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Ireland Baldwin opens up about eating disorder, substance use: ‘I would’ve been dead’

Speaking about reaching a "breaking point," Baldwin said she went "way too far with drinking."

This story discusses suicide. If you or someone you know is at risk of suicide, please call the U.S. National Suicide Prevention Lifeline at 800-273-8255, text HOME to 741741 or go to SpeakingOfSuicide.com for additional resources.

Anxiety and mental health struggles have soared since the pandemic began, especially in young people.

Twenty-six-year-old model Ireland Baldwin recently opened up about her struggle with anxiety, which affects at least 11.3% of Americans over the age of 18. In her recent appearance on Facebook Watch's “Red Table Talk,” Baldwin underlined how addressing mental health doesn’t always need to involve prescriptions and therapy. Sometimes it’s just about having conversations with friends and “letting it all out.”

Baldwin told "Red Table Talk" co-host Willow Smith that she started experiencing symptoms of anxiety when she was a toddler, around the time that her parents, actors Alec Baldwin and Kim Basinger, were going through a public divorce and custody battle.

"Everything that happens to you, everyone can read about it," Baldwin said, adding that her desire to feel like her own person, separate from her parents' success, has been one of the main sources of her anxiety.

"Being like, OK, well, I guess I'm going to model for now, or I guess I'm going to act, or I guess I'm going to do this because this is what people expect of me — you have a lot more to prove because you're always going to have that comparison to your parents," she aid.

Later in the conversation, Baldwin recalled a dark time in her mental health journey prompted by an abusive relationship.

“I just hit a total breaking point. I was self-medicating with Xanax, and I was drinking,” she explained, adding that alcohol and drug addiction runs in her family. “I had a night where I went way too far with drinking and taking pills because I couldn’t even go to bed at night. I was so afraid of this relationship."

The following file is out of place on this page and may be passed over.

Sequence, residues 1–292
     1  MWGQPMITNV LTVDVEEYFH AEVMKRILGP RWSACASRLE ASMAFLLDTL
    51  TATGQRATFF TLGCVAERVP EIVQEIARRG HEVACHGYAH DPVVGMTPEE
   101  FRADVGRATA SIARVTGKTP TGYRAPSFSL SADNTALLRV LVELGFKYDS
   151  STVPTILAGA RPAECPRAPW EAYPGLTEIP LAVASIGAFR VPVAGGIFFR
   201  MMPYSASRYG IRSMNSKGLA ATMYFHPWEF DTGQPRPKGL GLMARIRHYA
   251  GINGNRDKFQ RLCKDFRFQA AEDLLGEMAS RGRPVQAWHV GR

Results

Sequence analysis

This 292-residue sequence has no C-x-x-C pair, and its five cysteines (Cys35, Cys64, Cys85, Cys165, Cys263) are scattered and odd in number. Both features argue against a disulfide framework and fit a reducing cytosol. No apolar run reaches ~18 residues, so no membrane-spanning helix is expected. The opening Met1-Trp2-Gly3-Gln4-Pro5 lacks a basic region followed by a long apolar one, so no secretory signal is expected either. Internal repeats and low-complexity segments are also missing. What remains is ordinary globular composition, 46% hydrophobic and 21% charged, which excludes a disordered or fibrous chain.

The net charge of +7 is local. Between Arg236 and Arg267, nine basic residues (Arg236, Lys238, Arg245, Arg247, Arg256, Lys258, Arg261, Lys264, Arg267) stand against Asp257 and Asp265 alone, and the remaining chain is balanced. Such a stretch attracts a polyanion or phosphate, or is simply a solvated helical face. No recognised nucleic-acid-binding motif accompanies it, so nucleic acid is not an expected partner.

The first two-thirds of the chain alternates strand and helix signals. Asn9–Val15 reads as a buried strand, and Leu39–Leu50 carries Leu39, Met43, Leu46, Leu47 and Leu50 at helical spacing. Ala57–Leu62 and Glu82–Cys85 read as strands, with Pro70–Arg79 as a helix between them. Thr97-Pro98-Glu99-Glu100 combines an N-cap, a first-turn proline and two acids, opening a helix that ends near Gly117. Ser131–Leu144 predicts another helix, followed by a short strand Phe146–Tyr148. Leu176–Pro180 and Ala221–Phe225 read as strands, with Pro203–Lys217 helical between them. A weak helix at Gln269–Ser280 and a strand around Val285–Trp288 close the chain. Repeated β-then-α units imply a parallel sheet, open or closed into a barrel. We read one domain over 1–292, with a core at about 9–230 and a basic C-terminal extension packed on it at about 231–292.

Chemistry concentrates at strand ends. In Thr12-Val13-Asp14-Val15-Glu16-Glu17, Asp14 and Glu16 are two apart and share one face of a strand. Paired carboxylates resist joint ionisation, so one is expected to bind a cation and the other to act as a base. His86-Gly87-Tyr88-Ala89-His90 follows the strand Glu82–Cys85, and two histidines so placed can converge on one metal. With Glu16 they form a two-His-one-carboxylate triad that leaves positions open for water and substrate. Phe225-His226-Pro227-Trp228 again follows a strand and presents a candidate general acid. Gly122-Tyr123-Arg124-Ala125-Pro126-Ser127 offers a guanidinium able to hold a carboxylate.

After going to rehab, she said she learned that she wasn't addicted to substances but rather "wanting to fix people. That's my addiction. I'd fixate on anything until it shatters everything around me."

Baldwin recalled that she isolated herself off from family and friends "tortured" herself with eating disorders. She didn't speak to her parents for about a year.

“I had no control in anything in my life,” she said. “I was so ashamed of what I had become and how I was living. … I just became this different person. I was emaciated in every way, lifeless, and I don’t mean in like a literal, skinny way, but just my soul. Everything was just shrunk.”

Baldwin's mental health and substance use became so concerning that her cousin, actor Alaia Baldwin, felt compelled to intervene.

“(Alaia) was the one who booked the ticket from New York and came to L.A. to see me. She was like, ‘Something’s up. … I sense something,’” Baldwin said. “She saved my life. I think I would have committed suicide, or I would have been dead for sure. I was so close. I could feel it getting to that point. And she saved my life. She pulled me out of it.”

With that challenging period of her life behind her, the model told Willow that her advice to people who have loved ones struggling with anxiety is to reach out and take their concerns seriously.

“(Don't make) someone feel ashamed or embarrassed,” Baldwin urged. “One other thing I’ll say is reach out to people, check on people, ask if they’re OK, because anxiety manifests itself in a lot of ways and swirls and turns into depression.”